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Comment Re:Why is this unfair? (Score 1) 291

Fact is, you're not. Nobody is forcing you to spend money to incorporate. But just like if you want to sell on the internet, you need to pay for a website, if you want a certifying authority to certify your identity, then you need to meet the requirements for being certified. Nobody is FORCING you to do it, but if you're not willing to prove your identity by getting incorporated, then the certifying authority isn't willing to certify your identity either.

The principle is well-taken, and your example is certainly okay, but there is a real-world interference in the theoretical system here. It's advertising, otherwise known as raising the awareness of the marketplace.

The corporate entities doing this are in business to increase share-holder value, not to recognise the needs of a changing market place. There is no benefit to them in advertising to the public a complex message (ie. one with three variables): it's in their interest to advertise a very simple one: Green is okay, Anything else is an evil black-hat hacker.

People en masse respond to extremely clear, unambiguous saturation advertising (you need only look at the political success of the Republican party, or if you're a student of history look at the epochal presedential debate between JFK and Nixon, and the different ways that was perceived by the radio and the television audiences, to see that this is true and has been for at least two generations now). So in this case, they're going to get exactly that, and it isn't going to deal adequately with the grey areas.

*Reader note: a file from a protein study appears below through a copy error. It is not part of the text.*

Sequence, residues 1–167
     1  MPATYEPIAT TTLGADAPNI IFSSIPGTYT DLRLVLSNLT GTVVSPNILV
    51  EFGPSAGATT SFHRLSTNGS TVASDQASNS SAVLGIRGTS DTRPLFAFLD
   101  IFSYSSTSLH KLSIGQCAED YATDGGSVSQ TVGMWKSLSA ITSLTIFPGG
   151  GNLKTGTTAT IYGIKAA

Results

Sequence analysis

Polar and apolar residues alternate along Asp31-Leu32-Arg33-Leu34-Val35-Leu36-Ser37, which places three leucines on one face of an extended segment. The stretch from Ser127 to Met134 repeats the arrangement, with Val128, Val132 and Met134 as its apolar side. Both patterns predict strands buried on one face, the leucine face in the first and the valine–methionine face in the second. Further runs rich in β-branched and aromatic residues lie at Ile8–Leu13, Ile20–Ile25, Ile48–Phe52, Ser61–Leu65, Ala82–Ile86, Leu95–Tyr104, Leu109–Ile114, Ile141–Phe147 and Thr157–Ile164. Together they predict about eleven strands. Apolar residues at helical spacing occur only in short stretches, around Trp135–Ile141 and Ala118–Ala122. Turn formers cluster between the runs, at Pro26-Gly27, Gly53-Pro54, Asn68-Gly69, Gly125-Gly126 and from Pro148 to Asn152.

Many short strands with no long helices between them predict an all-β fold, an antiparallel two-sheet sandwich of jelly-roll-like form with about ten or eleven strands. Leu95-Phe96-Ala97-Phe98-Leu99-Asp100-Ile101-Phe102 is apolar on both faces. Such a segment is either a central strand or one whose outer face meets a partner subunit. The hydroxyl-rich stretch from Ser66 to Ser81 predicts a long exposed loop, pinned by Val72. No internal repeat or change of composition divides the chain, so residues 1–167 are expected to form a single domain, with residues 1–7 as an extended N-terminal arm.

So, in the real world, the kind of consumer who makes up the mass of the online shopping market is going to receive a simple message: Green is good, Other stuff ain't. Which is all very well and good, but it carries an unspoken correlatory message: businesses of above a certain size are good, businesses below that size are not. And that can be argued to be a sub-optimal economic outcome, regardless of political beliefs and opinons of specific companies. In a capitalist, quasi-free market economy, obstructing the availability of supply to demand diminishes the efficiency of the system, and that is sub-optimal.


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